Keep Bloody Andrew Jackson on the Twenty

Petitioners for the removal of Andrew Jackson from the twenty-dollar bill are fortunate they do not have to contend with Old Hickory himself. Jackson, who survived numerous duels, would be the first to battle any attempt to dishonor him.

Jackson has been on the twenty since 1928, 100 years after he was elected, pushing Grover Cleveland off the note. Therefore, most of us have spent our lifetime with a few Jacksons in our pocket. And it is the “everyman” with true American grit who should be most loathe see Jackson moved off the twenty, as he rose in the greatest of our traditions, by a love for country combined with an unrelenting will to advance from nowhere.

Jackson was born on the Ides of March in 1767 in the Carolinas to Scotch-Irish parents in the harshest of climates. His mother was recently widowed. Fortunate to have some schooling early on, he became the type of American boy immortalized by humorists, who was adept at cursing, fighting, and pulling pranks. Yet by 13, he was serving as a courier in the South Carolina militia during our Revolution. He risked life and limb for country to a greater degree than any modern critics by that young age in battling our then-enemies, the British and their Native American allies. He was captured with his brother Robert and sent to prison where he caught smallpox, which killed his brother. As prisoner, legend holds that young Andrew Jackson refused to shine the boots of a British soldier, was slashed with a saber, and proudly wore the mark the rest of his life. His mother secured his release but died soon after, leaving him an orphan at 14. Surrounded by death, he held a deep resentment for his revolutionary foes as he rose in society through hard work, including making saddles, teaching school, and studying law.

Jackson’s critics are fortunate not to have been born in a time where the country needed Jackson to continuously fight for our preservation when our existence hung in the balance. In 1802, Jackson was elected as the General of the Tennessee militia, and fought a myriad of enemies and conflicts on the frontier. He is hailed in military circles for his role as hero of the Battle of New Orleans in 1814-15, where he lead an motley crew of federal troops, militia, free African Americans, Creoles, Native Americans, and pirates against a larger contingent of British. Not far from New Orleans, he invaded and conquered Spanish Florida to protect against threats from British and Native Americans adverse to our continental ambitions. Soon afterward, the Sunshine State became a U.S. possession.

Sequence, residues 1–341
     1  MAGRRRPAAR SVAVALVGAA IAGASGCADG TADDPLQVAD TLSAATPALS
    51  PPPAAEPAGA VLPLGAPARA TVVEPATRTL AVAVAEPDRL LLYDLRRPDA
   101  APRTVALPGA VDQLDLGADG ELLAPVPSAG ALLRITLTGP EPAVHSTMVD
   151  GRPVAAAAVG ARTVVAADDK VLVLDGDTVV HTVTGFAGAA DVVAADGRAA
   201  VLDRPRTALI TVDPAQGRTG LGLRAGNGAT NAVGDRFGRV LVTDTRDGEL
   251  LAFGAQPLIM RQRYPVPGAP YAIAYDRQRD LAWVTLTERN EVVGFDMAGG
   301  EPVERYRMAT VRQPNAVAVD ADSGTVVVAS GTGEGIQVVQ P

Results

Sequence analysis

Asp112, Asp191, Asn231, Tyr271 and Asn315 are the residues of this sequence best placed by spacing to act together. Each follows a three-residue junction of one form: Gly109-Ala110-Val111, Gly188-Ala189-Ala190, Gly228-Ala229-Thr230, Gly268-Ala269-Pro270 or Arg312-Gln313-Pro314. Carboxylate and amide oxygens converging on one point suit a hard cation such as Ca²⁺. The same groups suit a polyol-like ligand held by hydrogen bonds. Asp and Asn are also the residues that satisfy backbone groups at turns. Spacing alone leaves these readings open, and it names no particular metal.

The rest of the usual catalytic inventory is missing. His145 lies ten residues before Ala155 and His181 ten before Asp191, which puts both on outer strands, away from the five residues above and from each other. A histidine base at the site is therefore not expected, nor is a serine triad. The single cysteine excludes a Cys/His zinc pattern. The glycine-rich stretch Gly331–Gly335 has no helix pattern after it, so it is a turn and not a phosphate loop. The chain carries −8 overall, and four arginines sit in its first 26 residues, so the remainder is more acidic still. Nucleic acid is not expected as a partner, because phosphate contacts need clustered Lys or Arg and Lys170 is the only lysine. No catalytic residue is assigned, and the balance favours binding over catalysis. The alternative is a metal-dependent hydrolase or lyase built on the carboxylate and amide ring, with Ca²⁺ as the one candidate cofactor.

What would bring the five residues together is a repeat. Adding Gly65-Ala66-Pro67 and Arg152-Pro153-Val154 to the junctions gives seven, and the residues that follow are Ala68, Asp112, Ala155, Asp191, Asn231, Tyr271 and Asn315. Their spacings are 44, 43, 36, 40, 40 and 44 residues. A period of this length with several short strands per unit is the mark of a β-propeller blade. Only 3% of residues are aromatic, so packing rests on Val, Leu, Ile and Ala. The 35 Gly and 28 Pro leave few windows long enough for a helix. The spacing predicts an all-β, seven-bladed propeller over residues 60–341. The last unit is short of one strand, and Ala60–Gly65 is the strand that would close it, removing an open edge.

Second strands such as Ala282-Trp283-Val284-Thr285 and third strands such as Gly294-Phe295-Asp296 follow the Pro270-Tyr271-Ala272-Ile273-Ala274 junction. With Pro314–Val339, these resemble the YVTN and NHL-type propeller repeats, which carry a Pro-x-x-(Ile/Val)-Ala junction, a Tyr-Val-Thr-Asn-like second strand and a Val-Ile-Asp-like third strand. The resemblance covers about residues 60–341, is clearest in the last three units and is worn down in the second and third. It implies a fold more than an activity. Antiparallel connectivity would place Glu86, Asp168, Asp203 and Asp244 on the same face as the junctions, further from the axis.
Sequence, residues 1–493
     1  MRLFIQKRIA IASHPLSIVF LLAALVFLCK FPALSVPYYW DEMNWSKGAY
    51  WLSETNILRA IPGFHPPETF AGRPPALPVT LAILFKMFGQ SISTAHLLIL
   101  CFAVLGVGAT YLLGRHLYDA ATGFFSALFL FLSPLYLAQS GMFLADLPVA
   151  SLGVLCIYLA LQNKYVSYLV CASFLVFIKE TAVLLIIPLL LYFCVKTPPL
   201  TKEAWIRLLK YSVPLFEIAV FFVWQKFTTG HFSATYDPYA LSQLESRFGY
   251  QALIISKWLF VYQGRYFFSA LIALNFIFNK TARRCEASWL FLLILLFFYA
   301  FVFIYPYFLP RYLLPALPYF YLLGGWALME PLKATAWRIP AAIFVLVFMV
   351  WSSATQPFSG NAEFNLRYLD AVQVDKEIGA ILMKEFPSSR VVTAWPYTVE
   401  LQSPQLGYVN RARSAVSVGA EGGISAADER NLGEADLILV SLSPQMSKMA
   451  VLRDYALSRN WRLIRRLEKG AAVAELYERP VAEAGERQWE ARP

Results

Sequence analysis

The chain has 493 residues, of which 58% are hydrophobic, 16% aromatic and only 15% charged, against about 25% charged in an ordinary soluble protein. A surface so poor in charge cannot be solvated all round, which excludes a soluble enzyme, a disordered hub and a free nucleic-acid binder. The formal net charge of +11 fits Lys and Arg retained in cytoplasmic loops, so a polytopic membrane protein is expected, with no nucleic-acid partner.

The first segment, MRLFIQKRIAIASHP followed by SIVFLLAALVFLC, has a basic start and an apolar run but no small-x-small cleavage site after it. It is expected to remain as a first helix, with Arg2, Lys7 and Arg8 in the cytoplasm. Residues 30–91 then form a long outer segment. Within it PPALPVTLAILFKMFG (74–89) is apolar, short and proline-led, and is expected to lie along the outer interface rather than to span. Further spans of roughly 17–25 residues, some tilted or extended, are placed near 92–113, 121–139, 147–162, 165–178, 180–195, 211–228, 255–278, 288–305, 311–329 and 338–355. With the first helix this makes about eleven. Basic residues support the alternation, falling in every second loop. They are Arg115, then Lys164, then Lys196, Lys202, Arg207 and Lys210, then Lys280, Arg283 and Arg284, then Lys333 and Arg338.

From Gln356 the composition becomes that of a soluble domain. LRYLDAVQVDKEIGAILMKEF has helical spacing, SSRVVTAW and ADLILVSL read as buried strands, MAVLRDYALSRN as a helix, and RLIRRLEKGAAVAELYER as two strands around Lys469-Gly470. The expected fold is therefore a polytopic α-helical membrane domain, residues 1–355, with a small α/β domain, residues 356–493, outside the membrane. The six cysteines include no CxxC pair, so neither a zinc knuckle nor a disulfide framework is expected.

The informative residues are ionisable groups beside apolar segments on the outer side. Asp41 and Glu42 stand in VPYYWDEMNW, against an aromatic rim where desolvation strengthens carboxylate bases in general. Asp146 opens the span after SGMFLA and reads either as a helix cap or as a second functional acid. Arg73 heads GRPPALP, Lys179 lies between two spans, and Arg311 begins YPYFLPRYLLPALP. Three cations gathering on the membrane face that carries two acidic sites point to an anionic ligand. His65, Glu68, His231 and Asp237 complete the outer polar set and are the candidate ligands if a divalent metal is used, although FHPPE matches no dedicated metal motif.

In peacetime, Jackson epitomized the American Dream. He opened a law practice, became Tennessee’s first congressman, then a U.S. senator, then a judge, then president. Apart from dueling, he maintained interests familiar to frontier Americans, including dancing, fighting in taverns, and gambling on horses and cards.

As president, Jackson's accomplishments are sufficient to keep all other claimants off his bill. In fact, few Americans have ever had an entire age named after them. The Age of Jackson, which started with his election, is characterized by the sense of promise embodied by those who dare to strike out at stake their own claim to the bounty America has to offer. Today, the best among us still cling to this notion that in the U.S.A. -- if you are breathing, you have a chance to make something remarkable of your life.

In terms of more tangible accomplishments, Jackson guarded against an early threat to break up the Union by ordering federal troops into South Carolina in 1832 when it tried to assert states rights in the form of declaring federal tariffs void.  Lincoln later followed the same formula to oppose secession. Jackson opened numerous ports of trade, including many in Latin America and the Middle East.  He won most-favored nation trading status such places as Muscat (Oman), Siam (Thailand), and Russia. He also collected huge sums of money owned by foreign governments, most notably France. He also led the greatest expansion of voting rights up to that point to include to non-land owning men.

Some critics have asserted that Jackson would never want to be on paper money, as he despised the concept, and that he was against the Second National Bank. However, being depicted on money nearly a quarter of a millennium after you were born is clearly a recognition that the 7th President contributed in a special way to this country being what it has become, in all its glory and complexities. More significant to the issue of whether Jackson should be on a bill is that Jackson remains the sole president to satisfy the national debt. No chief executive before or after has accomplished this impressive feat. The one who achieved this goal is most deserving of being on our money, as such “satisfaction” gives our currency its most value.